Smith claimed that he’s taken Elizabeth to Morrison’s room at the Hollywood Hotel when she didn’t have anywhere else to go (this was typical of Elizabeth who was always short of money and always staying with various friends). He said that Elizabeth was surprised that he was planning to stay in the room with her and that she’d refused the liquor he’d offered her. He might have made a pass at her, but she put him off; according to Smith’s statement, she showed no signs of being interested in a romantic relationship with him. I paused her, wondering if her rebuttal had inspired the man’s psychotic fury.
Morrison, according to Smith’s account, was apparently not there at the outset, but Smith left and when he returned to the hotel room, Morrison was there. Smith said they took Elizabeth to a house on East 31st Street near San Pedro and Trinity Streets, which belonged to a friend of his. This is supposedly where Morrison assaulted and killed Elizabeth. Smith went into detail about the killing on the tape.
“And he went to her and grabbed her arm like this, and started to pull her back but she hauled off and let him have it with the purse. Just swung it out and caught him across the side of the face. He slugged her once and her knees got weak. He pulls her back into the room, and he leans her against the door while he locks the door with the key. She just stayed there as though she was unsure exactly what would follow. He said he then grabbed her and pushed her and she fell down… on the floor with her dress up on her body. He said he stood over her and said something about he was going to screw her ass. She started to yell so he bent down and slugged her again. He said he put his hand on her neck and holds her head still while he hit her a couple of times. She didn’t move. Now he didn’t know what he was going to do, except he went out of the room, through the door he had locked and went downstairs…”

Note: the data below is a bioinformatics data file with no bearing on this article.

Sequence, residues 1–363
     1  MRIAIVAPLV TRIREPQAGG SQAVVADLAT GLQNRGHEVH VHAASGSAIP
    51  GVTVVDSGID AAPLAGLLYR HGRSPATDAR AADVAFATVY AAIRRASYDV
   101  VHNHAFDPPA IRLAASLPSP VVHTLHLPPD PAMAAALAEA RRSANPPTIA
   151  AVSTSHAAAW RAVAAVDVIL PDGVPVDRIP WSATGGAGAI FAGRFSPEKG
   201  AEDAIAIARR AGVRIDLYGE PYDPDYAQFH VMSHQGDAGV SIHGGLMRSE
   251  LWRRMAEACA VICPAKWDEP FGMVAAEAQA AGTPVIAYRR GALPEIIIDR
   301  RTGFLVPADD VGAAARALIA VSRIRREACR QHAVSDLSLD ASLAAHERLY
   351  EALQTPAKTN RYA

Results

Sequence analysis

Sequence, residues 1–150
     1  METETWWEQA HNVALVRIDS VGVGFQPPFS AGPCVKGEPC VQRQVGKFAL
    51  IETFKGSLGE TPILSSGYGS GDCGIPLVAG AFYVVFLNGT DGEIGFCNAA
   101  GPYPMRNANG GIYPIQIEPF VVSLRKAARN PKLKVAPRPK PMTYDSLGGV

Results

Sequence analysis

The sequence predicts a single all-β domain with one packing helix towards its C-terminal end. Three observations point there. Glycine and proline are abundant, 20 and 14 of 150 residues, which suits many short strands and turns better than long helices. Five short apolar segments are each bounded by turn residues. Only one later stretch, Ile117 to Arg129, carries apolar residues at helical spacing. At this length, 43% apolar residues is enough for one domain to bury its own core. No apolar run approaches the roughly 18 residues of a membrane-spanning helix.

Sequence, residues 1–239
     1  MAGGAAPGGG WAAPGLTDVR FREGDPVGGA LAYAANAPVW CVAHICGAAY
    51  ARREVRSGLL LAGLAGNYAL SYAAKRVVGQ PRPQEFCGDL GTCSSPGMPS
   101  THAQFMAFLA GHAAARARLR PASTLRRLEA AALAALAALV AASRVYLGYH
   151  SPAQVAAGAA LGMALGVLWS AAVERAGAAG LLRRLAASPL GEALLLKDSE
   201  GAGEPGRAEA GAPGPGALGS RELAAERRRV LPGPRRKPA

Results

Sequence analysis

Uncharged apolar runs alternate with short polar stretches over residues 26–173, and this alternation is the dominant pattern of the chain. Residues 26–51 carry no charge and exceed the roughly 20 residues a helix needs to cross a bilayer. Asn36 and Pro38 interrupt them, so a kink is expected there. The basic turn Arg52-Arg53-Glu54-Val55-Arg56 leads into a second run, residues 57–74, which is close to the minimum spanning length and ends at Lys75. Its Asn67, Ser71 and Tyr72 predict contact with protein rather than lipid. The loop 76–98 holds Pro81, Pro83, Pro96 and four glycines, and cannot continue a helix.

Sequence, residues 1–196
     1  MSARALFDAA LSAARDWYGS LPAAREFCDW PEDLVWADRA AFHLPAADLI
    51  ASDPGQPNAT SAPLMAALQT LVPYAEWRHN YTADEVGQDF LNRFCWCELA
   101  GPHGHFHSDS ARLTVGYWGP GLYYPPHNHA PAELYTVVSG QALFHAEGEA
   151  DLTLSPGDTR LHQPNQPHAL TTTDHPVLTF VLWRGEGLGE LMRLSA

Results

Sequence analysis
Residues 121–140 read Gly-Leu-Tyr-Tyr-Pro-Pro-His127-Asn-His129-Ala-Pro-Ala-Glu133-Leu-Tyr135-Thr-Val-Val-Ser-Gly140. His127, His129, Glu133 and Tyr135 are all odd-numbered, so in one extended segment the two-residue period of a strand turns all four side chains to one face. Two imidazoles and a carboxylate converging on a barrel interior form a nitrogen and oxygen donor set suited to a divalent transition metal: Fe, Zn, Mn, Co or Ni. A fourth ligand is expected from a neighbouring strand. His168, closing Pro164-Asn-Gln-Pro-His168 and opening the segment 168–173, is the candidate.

Afterward, according to Smith, Morrison got a paring knife, a large butcher knife and some clothesline and went back upstairs. The frightened Elizabeth tried to escape, but he held her bound, “stuffing her underpants into her mouth and tying her up.” By this time he had apparently already beaten her and mutilated her with the knife, but the terror would continue.
Smith continues: “She was naked, only he’d tied her hands and these were up over her head like this, and he stabbed her with a knife a lot, not enough that would kill you, but jabbing and sticking her a lot and then slitting around one tit, and then he’d cut her face across it. Across the mouth. After that, she was dead. He laid some boards across the bathtub and cut her in half with the large butcher knife, letting the blood drain out through the tub. When the body was sectioned and washed clean of blood, he wrapped her in an oilskin tablecloth and shower curtain and put (her) into the trunk of the car. From there, he drove to the vacant lot and lay her body, piece at a time, on the ground.”